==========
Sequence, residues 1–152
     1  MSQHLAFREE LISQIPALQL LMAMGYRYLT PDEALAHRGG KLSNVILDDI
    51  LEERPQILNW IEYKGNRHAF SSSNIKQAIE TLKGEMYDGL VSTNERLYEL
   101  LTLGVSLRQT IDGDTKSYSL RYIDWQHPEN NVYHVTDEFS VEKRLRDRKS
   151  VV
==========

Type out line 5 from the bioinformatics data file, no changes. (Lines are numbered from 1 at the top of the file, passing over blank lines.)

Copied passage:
   151  VV